I remember when I saw my first one. It was the early 1970s, and I was about 13 years old. It was small, red, and parked on my neighborhood street. The emblems identified it as a Toyota Corona, and it stood in stark contrast to the Detroit legends surrounding it.
But America would soon face long gas lines as an oil crisis gripped our nation, and these fuel-efficient cars that once seemed like aberrations would come to define the worldwide automotive future.
In the late 1980s I joined General Motors with the ambition to help the company regain its market dominance in the face of this reality. I was fortunate to work on a small team tasked with developing the first modern production electric vehicle, the EV1. This car was a revolutionary step forward in automotive technology, reflecting top-level leadership that was committed to propelling GM to the forefront of innovation.
However, in 2003, in what then-CEO Rick Wagoner would later call the worst decision of his tenure, GM killed the EV1.
The tragedy was not simply that a great car was lost; it was that America yielded the opportunity to globally lead in developing the next generation of vehicles.
Today, an opportunity exists for the United States to once again take the lead. In late 2007, Congress took a bold and bipartisan step to stimulate the development of advanced vehicles. Section 136 of the Energy Independence and Security Act empowered the Department of Energy to provide $25 billion in loans to manufacturers of advanced technology, fuel-efficient vehicles.
The Obama administration's commitment to revitalizing GM and Chrysler has been aggressive. With the bailout effort moving quickly forward, Section 136 should now be used to not just revamp, but to redefine the U.S. auto industry.
The first funds from the program were distributed to Ford, Nissan and startup sports car maker Tesla Motors, each demonstrating noticeable progress in fuel-efficient vehicles. By investing in a Detroit automaker, a foreign automaker, and a Silicon Valley startup, the DOE also saw the wisdom in funding three different approaches.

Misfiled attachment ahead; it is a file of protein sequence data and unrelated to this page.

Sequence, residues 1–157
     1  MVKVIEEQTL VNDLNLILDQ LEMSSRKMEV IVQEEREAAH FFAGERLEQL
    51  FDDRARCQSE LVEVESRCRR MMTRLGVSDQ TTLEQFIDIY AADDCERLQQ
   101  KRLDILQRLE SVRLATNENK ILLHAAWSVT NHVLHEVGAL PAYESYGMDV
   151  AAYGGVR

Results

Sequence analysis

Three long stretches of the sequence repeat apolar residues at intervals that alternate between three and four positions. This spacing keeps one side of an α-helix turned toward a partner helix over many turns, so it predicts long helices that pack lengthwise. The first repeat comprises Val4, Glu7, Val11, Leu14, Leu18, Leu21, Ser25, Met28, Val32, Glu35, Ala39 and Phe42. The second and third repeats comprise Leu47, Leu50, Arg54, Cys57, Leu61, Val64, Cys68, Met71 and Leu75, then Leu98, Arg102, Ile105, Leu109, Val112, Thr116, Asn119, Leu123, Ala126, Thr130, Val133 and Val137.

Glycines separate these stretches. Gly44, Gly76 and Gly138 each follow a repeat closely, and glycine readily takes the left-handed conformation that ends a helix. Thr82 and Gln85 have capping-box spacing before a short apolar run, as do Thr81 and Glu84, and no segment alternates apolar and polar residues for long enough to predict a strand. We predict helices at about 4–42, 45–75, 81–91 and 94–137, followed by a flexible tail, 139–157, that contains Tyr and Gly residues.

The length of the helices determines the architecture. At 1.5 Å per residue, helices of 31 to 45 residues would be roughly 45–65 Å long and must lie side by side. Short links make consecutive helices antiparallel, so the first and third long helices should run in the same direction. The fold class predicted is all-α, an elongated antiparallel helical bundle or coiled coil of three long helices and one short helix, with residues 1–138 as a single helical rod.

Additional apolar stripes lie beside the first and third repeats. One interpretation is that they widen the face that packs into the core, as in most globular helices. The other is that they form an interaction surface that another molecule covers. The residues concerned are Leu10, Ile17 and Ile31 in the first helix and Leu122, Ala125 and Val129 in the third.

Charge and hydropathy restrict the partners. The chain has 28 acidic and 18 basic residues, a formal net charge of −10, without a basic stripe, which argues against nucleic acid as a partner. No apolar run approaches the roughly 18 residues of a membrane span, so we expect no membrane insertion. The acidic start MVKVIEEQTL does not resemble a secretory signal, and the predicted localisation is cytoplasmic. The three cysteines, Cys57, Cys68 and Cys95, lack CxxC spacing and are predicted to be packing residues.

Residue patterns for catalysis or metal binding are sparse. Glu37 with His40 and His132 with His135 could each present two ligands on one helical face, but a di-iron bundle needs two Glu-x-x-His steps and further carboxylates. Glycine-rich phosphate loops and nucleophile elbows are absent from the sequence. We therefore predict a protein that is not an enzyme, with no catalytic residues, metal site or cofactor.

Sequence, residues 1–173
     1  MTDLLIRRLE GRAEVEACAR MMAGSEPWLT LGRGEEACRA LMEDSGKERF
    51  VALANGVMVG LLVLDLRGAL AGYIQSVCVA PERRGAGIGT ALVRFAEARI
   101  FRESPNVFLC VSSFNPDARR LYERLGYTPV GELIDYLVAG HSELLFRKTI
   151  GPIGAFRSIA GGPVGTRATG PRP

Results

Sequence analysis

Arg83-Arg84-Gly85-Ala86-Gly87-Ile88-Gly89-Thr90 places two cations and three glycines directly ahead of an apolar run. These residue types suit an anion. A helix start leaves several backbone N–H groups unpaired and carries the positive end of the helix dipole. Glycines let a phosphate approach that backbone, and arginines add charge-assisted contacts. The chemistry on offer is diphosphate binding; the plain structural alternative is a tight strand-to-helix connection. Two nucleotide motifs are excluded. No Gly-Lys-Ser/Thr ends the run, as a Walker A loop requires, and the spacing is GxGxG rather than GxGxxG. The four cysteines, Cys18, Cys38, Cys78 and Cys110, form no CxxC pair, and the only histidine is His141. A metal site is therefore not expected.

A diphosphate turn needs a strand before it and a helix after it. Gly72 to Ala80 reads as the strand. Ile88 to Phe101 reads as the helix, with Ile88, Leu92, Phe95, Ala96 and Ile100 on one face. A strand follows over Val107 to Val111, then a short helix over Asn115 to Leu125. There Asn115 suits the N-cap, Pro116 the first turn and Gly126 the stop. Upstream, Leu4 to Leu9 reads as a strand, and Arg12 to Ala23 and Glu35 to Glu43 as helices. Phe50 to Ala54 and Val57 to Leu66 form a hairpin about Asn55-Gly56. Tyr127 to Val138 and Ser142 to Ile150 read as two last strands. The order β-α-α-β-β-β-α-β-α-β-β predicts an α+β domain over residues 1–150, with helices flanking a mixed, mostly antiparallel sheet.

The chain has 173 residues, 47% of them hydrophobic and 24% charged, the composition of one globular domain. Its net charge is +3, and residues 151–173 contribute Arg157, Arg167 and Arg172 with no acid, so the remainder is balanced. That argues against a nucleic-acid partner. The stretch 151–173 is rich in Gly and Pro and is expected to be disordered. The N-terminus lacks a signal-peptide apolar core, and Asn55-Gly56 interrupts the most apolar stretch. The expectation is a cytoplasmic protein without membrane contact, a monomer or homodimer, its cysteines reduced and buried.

While that first announcement garnered significant attention, it is the subsequent rounds of funding that will most clearly define the future of automaking in the United States.
The president and Congress have recognized that the auto industry is on the brink of a new paradigm. To avoid the mistakes that led to the demise of the EV1, the federal government, in addition to its revitalization efforts in GM and Chrysler, must invest boldly in a new generation of entrepreneurial businesses.
It is now clear that the auto industry can no longer be defined by a handful of dominant automakers. Dozens of companies, from Massachusetts to Indiana to California, are quietly and persistently working to address this new automotive future – one based on clean mobility solutions that will offer customer-driven solutions, produce beautiful and cost-efficient vehicles, reduce our need for foreign oil, and hold the promise of tens of thousands of new "green collar" jobs.
By investing in these entrepreneurial companies, the government will accelerate America's ability to produce the products and services that will once again lead the world. As an example, Bright Automotive has requested $450 million – or less than 2 percent of the size of the fund. For just a tiny fraction of what has been given to GM and Chrysler, this investment will allow us to efficiently produce hundreds of thousands of plug-in vehicles and create about 5,000 U.S. jobs in the next five years. With the support of Section 136 loans, this kind of success could be repeated across the country at lean, fast-moving companies with good ideas and experienced automotive teams.
Section 136 holds the potential to be a significant, if not defining, catalyst in achieving the new automotive reality. But my own experience – having worked both inside the world's largest automaker and now leading a startup – has convinced me that a bold and disruptive step forward is required if America is to once again lead in the world of transportation.
While $65 billion has been committed to help restore GM and Chrysler as industry leaders, only one-hundredth of that amount has gone to bringing innovative entrepreneurial solutions to the U.S. market. Now is the time for the Department of Energy to strategically invest Section 136 funds in the best of our nation's agile new companies. That will ensure that the new global automotive future is defined and led by American ingenuity and American workers.
John Waters is CEO of Indiana-based Bright Automotive, which develops advanced technology vehicles, powertrain components and also provides consulting services for transportation companies. He previously worked for Delphi and General Motors, where he was the lead battery pack engineer on the EV1 electric vehicle. Contact John through his company's website, www.brightautomotive.com.